In this modern era, there are as many treatment alternatives for psychiatric disorders as there are for medical problems. Yet, the question of whether to use standard, complementary or alternative therapies is often a matter of what is available. For example, if you’re experiencing depression in Europe, you’ll have a much easier time finding a medical doctor to prescribe the herb St. John’s wort for depression than you will if you live in the United States.
This is because herbal medicine is considered the first standard of care among many European medical doctors, whereas drug therapy is generally the first choice of U.S. physicians. This is not to imply that drugs are bad, but limited options do translate into a limited standard of care when methods that may be the most beneficial are not available in some instances.
This is the jumping off point for the consumer. In order to learn the available options for a particular health problem, we must do considerable research to find out what works and where to get services. Once a place is found that provides the service we’re interested in, we face the daunting task of determining if the health care practitioner is competent and trustworthy.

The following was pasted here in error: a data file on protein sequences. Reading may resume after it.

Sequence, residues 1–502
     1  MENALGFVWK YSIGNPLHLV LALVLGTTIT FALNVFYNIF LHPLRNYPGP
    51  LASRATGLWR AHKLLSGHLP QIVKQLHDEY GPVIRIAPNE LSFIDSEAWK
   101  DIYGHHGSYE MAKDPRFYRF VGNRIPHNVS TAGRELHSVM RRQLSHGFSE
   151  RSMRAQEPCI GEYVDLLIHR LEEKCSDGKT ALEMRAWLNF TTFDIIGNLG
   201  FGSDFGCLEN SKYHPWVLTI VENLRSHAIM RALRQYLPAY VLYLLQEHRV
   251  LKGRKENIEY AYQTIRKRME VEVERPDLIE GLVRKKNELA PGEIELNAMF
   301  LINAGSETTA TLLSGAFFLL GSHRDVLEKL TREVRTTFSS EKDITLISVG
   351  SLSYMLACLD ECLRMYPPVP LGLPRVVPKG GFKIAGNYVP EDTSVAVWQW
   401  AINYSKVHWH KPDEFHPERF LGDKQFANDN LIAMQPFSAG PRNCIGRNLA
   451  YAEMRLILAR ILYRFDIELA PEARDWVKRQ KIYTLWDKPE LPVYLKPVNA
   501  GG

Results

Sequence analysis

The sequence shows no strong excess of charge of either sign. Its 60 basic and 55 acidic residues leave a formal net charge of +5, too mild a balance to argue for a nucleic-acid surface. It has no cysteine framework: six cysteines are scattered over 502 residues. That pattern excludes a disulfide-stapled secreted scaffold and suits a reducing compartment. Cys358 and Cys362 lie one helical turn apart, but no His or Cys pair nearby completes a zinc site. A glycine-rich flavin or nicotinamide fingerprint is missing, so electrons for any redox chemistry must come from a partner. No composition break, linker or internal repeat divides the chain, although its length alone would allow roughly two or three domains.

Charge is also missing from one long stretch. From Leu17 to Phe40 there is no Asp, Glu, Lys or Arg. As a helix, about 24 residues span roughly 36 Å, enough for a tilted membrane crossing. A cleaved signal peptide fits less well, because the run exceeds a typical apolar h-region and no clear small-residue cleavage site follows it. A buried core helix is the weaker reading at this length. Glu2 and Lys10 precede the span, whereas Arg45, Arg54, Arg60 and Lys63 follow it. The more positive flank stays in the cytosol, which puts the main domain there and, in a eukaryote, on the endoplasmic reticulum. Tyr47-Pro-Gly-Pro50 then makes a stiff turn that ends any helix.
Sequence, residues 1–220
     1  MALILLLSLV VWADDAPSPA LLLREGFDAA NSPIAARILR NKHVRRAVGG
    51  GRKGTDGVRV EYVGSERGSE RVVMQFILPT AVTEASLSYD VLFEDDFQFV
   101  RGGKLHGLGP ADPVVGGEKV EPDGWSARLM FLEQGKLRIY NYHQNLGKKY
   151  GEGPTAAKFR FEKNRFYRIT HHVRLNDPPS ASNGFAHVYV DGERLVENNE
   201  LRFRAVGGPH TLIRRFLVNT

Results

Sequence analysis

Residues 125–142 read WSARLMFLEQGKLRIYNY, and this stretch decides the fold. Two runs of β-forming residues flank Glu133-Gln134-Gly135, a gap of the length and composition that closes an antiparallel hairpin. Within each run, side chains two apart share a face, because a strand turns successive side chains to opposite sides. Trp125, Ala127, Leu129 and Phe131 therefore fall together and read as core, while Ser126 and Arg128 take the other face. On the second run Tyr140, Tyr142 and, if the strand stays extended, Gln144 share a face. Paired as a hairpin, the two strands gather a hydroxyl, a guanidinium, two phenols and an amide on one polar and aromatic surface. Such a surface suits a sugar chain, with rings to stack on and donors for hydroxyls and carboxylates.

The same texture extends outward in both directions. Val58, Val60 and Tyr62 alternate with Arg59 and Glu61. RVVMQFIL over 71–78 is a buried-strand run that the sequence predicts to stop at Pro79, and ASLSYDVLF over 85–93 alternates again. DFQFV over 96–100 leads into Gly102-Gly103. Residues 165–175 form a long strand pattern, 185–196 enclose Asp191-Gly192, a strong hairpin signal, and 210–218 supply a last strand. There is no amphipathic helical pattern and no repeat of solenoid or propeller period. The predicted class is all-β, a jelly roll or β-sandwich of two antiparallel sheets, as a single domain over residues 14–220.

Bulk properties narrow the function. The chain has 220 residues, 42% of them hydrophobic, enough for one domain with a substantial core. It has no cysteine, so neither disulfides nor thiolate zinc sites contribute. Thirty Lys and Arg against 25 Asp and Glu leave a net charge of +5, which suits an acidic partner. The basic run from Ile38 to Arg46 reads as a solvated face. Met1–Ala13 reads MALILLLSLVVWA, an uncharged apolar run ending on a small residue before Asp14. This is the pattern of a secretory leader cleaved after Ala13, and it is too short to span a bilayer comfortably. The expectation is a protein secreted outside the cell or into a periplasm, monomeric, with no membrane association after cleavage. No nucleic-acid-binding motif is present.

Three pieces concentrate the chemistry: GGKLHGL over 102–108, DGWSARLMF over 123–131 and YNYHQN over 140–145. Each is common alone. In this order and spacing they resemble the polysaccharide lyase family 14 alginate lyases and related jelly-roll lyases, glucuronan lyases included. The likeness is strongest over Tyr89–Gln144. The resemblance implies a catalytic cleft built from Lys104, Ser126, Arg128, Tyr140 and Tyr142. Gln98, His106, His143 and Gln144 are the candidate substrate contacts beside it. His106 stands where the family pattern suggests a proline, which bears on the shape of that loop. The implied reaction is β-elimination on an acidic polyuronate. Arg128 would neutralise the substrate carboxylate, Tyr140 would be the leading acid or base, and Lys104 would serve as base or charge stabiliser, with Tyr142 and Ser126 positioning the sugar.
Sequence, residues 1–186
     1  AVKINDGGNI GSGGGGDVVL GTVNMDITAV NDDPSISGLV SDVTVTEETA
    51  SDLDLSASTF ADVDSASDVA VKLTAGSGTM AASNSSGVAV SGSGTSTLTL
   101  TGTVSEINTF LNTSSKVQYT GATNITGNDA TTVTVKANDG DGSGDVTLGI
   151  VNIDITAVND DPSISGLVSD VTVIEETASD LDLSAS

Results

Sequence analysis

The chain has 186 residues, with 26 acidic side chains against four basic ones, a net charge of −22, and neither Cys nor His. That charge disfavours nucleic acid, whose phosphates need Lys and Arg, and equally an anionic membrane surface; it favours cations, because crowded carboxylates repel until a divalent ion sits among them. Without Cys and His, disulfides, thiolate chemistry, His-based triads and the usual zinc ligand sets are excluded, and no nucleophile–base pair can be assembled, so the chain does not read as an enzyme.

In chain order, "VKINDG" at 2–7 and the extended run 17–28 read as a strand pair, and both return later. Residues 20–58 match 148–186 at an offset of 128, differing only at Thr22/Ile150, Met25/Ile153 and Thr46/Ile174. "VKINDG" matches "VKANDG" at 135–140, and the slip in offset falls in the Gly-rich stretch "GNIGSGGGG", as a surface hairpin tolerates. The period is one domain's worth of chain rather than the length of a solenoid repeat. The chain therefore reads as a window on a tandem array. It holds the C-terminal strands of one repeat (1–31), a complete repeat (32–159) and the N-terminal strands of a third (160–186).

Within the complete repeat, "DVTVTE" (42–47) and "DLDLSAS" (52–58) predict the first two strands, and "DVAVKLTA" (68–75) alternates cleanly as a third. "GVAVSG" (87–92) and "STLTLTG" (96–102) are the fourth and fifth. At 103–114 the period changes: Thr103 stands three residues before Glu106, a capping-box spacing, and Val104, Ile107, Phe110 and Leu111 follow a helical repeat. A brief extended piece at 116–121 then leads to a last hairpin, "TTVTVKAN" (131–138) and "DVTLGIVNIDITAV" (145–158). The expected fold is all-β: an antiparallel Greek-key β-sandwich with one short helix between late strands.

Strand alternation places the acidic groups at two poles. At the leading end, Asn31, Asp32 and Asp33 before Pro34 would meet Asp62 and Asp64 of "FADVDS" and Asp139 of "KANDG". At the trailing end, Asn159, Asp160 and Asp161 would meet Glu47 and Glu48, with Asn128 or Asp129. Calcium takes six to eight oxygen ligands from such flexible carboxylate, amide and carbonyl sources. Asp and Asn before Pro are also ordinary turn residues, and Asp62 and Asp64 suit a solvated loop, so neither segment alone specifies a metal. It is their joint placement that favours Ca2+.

As scientific evidence accumulates in support of non-conventional approaches to mental health care, more and more practitioners are suggesting these methods to patients. Since prevention of disease is as imperative as treatment, studies showing the effectiveness of preventative measures are more valuable than ever. By examining this information with fresh eyes, we can glean suggestions on how to make lifestyle changes for optimum mental health.
People turn to unconventional therapies for a variety of reasons. The most common reason cited for seeking advice from an alternative provider in the U.S. is anxiety, followed by depression and headaches. Of those who use complementary and alternative medicine, 59% perceive it to be at least as effective as pharmacology.
In surveys, people have given several reasons for using alternative treatment options, including recommendations by “word of mouth” (32%), fear of side effects associated with conventional therapies (21%), chronic medical problems (19%), dissatisfaction with conventional medicine (14%), and desire for more personalized attention (9%). The major advance of complimentary and alternative approaches lies in the power such methods provide for education and exerting control over personal health care.